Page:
Radio Navigation services, Radar and fixed satellite communications services.
The key take-away here is that in order to comply with In-Band PSD
requirements under the new rules, you must consider the number of transmitter
paths and how it effects the total RF power and PSD emissions.
This includes beam-forming whether the beam-forming was intentional or
not and given that under certain conditions, RF power can add up driving up the
overall PSD value. In order to keep that under the FCC limits, in some cases
you have to reduce RF power based on the MCS rate and frequency being used to
The reduced power is more pronounced in the UNII-1 band where PSD
limits are lower especially when multiple transmitter paths exist. For example,
in the next screenshot you can see under the new FCC rules that the more
transmitter paths (physical transmitters) the higher the PSD rises. In some
cases, RF power is reduced by 6 dB with four transmitters present.
Figure 2 – When more transmitters are enabled the PSD lowers. This
forces a reduction in RF power.
Figure 3 - When more transmitters are enabled the PSD lowers. This
forces a reduction in RF power. Fortunately this reduction in power is much
less in the UNII-2 and UNII-2 extended bands.
When considering the new FCC rules, RF output power is rolled back a
bit when all four transmitters are used concurrently to comply with the lowered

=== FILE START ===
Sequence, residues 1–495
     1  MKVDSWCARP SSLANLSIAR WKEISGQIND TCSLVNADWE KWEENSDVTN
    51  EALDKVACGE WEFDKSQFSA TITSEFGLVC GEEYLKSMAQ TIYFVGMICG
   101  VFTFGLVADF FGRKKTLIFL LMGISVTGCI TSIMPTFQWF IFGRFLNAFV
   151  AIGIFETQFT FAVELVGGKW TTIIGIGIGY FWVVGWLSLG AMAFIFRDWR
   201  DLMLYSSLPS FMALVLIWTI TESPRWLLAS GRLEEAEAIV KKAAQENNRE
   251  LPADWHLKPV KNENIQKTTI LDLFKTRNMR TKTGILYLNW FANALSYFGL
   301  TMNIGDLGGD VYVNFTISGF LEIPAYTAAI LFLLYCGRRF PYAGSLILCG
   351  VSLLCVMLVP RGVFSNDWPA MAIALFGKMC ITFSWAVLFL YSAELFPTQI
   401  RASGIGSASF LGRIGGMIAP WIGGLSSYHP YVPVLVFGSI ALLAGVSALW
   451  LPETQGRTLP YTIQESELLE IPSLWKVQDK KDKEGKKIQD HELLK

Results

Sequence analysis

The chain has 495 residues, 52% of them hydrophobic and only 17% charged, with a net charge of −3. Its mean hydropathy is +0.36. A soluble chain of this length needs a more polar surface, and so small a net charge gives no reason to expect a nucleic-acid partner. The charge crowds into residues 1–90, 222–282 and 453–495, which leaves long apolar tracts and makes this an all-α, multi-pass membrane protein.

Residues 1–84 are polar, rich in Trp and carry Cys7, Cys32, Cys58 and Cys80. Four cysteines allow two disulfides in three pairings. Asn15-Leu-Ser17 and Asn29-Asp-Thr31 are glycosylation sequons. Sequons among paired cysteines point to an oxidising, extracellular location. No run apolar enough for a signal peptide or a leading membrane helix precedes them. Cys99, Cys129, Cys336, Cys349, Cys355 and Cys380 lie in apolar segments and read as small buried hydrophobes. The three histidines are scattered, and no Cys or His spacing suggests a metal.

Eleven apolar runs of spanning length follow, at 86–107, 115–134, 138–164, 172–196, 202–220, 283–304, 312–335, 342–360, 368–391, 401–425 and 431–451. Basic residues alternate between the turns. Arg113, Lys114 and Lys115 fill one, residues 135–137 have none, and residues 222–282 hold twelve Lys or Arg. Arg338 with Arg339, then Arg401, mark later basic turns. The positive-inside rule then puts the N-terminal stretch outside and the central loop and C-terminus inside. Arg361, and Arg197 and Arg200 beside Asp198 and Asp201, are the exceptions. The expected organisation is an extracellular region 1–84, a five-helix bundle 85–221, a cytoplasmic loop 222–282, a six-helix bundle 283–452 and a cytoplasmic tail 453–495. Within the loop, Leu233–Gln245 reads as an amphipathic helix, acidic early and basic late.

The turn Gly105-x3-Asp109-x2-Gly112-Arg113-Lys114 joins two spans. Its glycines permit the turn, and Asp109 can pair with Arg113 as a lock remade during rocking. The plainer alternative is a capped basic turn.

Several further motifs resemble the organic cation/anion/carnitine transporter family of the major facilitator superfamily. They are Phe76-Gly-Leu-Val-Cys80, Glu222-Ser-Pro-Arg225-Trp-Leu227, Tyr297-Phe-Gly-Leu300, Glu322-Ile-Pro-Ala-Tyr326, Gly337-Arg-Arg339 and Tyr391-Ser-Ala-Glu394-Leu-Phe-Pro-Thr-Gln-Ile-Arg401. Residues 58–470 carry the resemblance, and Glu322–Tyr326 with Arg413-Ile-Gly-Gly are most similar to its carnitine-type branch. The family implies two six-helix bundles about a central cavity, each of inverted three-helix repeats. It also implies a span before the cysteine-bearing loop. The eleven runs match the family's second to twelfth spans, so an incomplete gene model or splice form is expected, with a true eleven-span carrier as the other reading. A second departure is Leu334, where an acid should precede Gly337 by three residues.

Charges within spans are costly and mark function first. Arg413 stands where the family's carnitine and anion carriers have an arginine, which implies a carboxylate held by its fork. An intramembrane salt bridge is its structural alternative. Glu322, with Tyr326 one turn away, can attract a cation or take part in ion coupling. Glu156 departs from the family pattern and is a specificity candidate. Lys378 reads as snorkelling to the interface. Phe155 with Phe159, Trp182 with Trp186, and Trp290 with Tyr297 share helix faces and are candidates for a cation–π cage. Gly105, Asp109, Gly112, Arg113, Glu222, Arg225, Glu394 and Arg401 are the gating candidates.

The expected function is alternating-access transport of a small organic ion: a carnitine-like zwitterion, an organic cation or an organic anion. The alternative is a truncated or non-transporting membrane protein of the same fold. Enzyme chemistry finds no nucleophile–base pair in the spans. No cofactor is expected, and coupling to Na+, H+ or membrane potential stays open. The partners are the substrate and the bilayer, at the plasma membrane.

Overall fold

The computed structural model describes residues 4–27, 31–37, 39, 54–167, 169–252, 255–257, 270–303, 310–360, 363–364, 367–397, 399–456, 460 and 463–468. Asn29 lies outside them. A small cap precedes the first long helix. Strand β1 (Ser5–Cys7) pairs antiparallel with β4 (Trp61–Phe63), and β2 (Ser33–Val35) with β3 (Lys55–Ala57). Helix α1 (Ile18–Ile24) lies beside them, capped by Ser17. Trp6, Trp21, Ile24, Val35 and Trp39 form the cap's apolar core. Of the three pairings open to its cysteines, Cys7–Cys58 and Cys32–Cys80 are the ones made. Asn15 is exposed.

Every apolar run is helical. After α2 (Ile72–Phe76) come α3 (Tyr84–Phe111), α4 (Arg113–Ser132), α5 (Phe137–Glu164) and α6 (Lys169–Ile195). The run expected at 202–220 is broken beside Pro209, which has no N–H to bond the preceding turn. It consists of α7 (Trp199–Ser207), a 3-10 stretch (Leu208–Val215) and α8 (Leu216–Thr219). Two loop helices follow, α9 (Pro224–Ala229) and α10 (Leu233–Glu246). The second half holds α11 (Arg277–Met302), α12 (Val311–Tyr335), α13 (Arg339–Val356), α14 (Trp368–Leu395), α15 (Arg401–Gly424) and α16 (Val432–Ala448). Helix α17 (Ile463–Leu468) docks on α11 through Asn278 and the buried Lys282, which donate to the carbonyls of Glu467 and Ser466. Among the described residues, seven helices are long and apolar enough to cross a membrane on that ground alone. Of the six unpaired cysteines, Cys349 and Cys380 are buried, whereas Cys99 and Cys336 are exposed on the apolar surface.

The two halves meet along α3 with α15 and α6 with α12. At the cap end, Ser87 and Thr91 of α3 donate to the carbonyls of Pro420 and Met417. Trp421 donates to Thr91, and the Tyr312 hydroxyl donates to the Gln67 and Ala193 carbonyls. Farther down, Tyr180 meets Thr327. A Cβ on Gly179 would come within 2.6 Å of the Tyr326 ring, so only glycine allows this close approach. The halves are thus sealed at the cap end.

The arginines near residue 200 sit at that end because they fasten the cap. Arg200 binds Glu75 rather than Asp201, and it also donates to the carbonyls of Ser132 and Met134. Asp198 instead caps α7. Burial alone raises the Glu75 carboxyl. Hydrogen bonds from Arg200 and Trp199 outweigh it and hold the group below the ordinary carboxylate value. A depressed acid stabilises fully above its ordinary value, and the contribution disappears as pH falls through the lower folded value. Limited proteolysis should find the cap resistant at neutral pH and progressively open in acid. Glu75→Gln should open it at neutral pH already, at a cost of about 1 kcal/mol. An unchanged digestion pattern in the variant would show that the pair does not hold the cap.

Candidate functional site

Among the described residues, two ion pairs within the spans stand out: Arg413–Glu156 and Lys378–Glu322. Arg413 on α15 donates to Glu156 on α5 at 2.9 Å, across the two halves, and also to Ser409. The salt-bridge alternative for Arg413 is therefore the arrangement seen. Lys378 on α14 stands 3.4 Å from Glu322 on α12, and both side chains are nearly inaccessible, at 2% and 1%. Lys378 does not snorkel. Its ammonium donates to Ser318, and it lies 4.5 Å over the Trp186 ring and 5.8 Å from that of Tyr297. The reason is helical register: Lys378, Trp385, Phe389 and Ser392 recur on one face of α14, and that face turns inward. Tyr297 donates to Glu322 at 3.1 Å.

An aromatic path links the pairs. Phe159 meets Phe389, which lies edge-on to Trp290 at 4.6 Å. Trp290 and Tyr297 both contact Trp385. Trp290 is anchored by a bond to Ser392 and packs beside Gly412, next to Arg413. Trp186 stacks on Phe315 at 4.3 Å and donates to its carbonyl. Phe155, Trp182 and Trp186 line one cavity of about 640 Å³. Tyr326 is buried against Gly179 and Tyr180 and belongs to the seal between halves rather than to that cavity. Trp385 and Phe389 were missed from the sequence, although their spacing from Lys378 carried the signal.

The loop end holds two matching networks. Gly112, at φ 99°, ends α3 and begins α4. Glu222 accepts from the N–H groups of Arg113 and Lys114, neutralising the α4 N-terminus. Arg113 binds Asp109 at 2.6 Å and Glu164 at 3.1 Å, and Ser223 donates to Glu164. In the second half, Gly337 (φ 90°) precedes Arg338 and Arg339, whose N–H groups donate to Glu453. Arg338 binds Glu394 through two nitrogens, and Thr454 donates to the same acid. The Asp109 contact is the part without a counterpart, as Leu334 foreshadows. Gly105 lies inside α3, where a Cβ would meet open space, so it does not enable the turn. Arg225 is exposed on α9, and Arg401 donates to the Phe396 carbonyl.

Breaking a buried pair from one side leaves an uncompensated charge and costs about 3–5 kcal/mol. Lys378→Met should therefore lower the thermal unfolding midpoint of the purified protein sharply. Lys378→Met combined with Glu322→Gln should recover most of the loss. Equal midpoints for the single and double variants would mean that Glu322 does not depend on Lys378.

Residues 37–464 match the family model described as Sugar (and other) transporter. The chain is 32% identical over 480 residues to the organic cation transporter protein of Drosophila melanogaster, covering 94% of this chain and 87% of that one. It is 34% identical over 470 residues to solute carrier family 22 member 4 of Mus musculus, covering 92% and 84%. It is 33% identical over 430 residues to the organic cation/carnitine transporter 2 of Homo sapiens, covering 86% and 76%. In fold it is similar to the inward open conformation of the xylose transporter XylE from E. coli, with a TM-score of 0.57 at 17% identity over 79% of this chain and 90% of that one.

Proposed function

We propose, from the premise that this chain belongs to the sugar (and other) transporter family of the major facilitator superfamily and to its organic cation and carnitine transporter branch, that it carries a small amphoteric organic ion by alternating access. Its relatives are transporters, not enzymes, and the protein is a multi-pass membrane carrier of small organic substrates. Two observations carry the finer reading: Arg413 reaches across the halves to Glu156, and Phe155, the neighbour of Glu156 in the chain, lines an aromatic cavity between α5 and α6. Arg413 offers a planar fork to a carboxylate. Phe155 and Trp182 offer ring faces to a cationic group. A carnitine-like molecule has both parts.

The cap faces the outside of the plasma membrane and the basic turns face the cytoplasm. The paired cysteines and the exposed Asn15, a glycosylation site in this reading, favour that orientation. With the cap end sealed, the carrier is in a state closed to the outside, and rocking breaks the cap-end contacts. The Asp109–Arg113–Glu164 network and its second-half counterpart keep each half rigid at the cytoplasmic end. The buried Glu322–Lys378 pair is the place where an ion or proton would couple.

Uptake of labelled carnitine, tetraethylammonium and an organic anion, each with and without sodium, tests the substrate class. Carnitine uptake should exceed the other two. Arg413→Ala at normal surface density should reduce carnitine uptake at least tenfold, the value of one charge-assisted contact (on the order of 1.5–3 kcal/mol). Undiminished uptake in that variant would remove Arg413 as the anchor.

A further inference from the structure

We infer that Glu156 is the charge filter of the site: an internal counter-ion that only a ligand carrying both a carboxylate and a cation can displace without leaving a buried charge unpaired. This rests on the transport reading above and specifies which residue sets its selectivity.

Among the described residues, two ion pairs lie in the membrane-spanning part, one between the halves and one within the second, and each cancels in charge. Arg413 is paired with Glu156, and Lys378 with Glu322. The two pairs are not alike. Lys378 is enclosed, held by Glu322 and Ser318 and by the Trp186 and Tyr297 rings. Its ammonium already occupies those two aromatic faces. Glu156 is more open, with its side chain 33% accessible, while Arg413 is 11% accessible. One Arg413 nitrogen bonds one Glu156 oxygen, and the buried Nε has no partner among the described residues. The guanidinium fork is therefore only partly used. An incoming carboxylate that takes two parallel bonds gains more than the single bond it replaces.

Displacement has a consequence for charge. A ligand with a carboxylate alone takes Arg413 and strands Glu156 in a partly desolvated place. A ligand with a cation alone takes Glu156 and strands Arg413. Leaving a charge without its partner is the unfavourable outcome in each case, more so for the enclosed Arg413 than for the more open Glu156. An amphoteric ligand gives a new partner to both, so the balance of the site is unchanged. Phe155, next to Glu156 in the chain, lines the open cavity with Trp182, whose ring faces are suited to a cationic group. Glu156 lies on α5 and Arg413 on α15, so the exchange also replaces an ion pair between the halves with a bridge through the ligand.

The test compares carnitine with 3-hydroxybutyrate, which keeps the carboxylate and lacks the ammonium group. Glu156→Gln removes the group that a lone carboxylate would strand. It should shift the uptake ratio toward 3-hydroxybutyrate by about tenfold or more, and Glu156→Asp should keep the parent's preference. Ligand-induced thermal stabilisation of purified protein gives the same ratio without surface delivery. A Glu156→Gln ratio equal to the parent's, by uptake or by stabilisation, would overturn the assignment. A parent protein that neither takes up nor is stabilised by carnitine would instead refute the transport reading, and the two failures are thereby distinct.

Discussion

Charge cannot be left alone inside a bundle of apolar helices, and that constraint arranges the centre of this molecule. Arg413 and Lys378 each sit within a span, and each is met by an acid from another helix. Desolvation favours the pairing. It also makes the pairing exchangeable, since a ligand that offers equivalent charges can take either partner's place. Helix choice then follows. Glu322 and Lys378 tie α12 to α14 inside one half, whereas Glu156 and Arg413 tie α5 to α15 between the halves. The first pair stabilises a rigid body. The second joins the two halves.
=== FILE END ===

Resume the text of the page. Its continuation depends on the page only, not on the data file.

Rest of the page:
PSD limitations. A worst case power reduction, for example, a 6 Mbps packet can
have up to 6 dB less power with an AP 3600 than the AP 3500 (8 dB versus 14 dB)
because the AP 3600 now complies with the new FCC rules about PSD emissions and
the two additional transmitters.
In most cases, especially with clients using higher data rates, the
reduced TX power is compensated by having a better downlink performance due to
the gains from beam-forming now enabled with multiple transmitters and using
Cisco Client Link 2.0.
Note: Client Link 2.0 is only available on the AP 3600. Therefore, it has
an advantage over the AP 3500 allowing 802.11n and 802.11ac clients to maintain
a better downstream link.
Also, while there has been a noticeable reduction in RF power primarily
in the UNII-1 band, and while it is possible to perhaps characterize better
performance with an AP 3500 running at maximum RF power in the UNII-1 band,
testing has indicated the AP 3600 when installed in an over-all network
employing multiple APs across channels in the UNII-1, 2 and 3 bands the
performance of the AP 3600 exceeds AP 3500 performance by far.
Again, the AP 3500 only has the ability to beam-form to legacy
802.11a/g clients, whereas the newer AP 3600 using Client Link 2.0 can
beam-form to 802.11a, g, and n clients as well as 802.11ac clients in
In summary, the AP 3600 is the first industry Access Point that fully
complies with all the new FCC rules and regulations. Also, the AP 3600 offers
many features above and beyond those in the AP 3500.
Additionally, any new multi-transmitter MIMO devices, including those
by other vendors, now need to comply with these new FCC rules.
Support for four transmitter chains, which enables 3-ss client
support up to 450 Mbps.
Client Link 2.0 (Beam-forming) for all 802.11n clients for a better
overall Bring Your Own Device (BYOD) experience.
Note: The 4th transmitter allows Client Link to work with 3-ss
Module support for expandability and investment
Cisco APs have full support of UNII-2 extended channels, a key
feature for the newer clients because more clients are emerging with UNII-2
extended support including .11ac clients in enterprise (802.11n) compatibility
For more information on the AP 3600, refer to:
Aironet 3600 Series.